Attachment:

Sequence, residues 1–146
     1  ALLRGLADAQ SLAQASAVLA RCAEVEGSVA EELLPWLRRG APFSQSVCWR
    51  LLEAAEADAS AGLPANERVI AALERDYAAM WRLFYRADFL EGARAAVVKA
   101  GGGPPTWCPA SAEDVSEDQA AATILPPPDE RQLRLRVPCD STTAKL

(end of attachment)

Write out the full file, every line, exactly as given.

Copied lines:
Sequence, residues 1–146
     1  ALLRGLADAQ SLAQASAVLA RCAEVEGSVA EELLPWLRRG APFSQSVCWR
    51  LLEAAEADAS AGLPANERVI AALERDYAAM WRLFYRADFL EGARAAVVKA
   101  GGGPPTWCPA SAEDVSEDQA AATILPPPDE RQLRLRVPCD STTAKL